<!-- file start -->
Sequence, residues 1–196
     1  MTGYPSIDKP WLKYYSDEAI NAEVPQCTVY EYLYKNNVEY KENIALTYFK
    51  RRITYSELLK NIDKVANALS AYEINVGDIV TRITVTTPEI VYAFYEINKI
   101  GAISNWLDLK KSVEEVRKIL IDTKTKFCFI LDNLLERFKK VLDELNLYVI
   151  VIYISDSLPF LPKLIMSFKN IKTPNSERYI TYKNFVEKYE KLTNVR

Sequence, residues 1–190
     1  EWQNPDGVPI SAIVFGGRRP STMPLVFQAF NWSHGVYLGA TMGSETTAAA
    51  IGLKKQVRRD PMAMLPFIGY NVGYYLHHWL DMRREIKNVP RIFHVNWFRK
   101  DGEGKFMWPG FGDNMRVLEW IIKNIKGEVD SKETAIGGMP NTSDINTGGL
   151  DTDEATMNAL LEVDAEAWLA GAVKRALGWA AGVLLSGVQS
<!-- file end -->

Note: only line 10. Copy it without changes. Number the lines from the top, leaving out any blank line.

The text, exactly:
   151  DTDEATMNAL LEVDAEAWLA GAVKRALGWA AGVLLSGVQS